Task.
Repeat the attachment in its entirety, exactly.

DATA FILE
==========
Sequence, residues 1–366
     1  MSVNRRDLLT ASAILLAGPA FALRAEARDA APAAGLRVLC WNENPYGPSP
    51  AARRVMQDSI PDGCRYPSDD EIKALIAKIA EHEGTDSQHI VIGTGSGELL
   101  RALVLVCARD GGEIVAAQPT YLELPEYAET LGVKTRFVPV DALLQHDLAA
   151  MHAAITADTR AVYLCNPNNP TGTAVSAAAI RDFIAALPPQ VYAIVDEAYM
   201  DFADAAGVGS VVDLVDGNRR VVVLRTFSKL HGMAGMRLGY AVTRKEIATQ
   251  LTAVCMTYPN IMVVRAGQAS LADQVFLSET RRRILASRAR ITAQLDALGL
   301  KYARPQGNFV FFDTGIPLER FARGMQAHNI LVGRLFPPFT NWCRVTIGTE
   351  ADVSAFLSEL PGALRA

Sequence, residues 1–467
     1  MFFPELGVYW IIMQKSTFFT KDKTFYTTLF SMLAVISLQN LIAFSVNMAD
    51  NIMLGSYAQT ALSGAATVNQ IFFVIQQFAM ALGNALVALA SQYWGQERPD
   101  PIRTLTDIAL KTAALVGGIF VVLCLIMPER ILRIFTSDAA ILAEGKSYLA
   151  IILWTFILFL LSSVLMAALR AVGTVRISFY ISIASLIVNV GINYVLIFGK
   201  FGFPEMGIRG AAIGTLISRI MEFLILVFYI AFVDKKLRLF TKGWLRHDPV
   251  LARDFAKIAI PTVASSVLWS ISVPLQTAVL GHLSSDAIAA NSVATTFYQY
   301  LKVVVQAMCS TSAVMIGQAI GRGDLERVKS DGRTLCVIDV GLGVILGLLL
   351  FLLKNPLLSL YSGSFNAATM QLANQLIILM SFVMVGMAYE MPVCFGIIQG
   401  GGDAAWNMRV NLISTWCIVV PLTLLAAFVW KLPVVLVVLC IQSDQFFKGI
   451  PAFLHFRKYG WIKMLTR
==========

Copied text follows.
Sequence, residues 1–366
     1  MSVNRRDLLT ASAILLAGPA FALRAEARDA APAAGLRVLC WNENPYGPSP
    51  AARRVMQDSI PDGCRYPSDD EIKALIAKIA EHEGTDSQHI VIGTGSGELL
   101  RALVLVCARD GGEIVAAQPT YLELPEYAET LGVKTRFVPV DALLQHDLAA
   151  MHAAITADTR AVYLCNPNNP TGTAVSAAAI RDFIAALPPQ VYAIVDEAYM
   201  DFADAAGVGS VVDLVDGNRR VVVLRTFSKL HGMAGMRLGY AVTRKEIATQ
   251  LTAVCMTYPN IMVVRAGQAS LADQVFLSET RRRILASRAR ITAQLDALGL
   301  KYARPQGNFV FFDTGIPLER FARGMQAHNI LVGRLFPPFT NWCRVTIGTE
   351  ADVSAFLSEL PGALRA

Sequence, residues 1–467
     1  MFFPELGVYW IIMQKSTFFT KDKTFYTTLF SMLAVISLQN LIAFSVNMAD
    51  NIMLGSYAQT ALSGAATVNQ IFFVIQQFAM ALGNALVALA SQYWGQERPD
   101  PIRTLTDIAL KTAALVGGIF VVLCLIMPER ILRIFTSDAA ILAEGKSYLA
   151  IILWTFILFL LSSVLMAALR AVGTVRISFY ISIASLIVNV GINYVLIFGK
   201  FGFPEMGIRG AAIGTLISRI MEFLILVFYI AFVDKKLRLF TKGWLRHDPV
   251  LARDFAKIAI PTVASSVLWS ISVPLQTAVL GHLSSDAIAA NSVATTFYQY
   301  LKVVVQAMCS TSAVMIGQAI GRGDLERVKS DGRTLCVIDV GLGVILGLLL
   351  FLLKNPLLSL YSGSFNAATM QLANQLIILM SFVMVGMAYE MPVCFGIIQG
   401  GGDAAWNMRV NLISTWCIVV PLTLLAAFVW KLPVVLVVLC IQSDQFFKGI
   451  PAFLHFRKYG WIKMLTR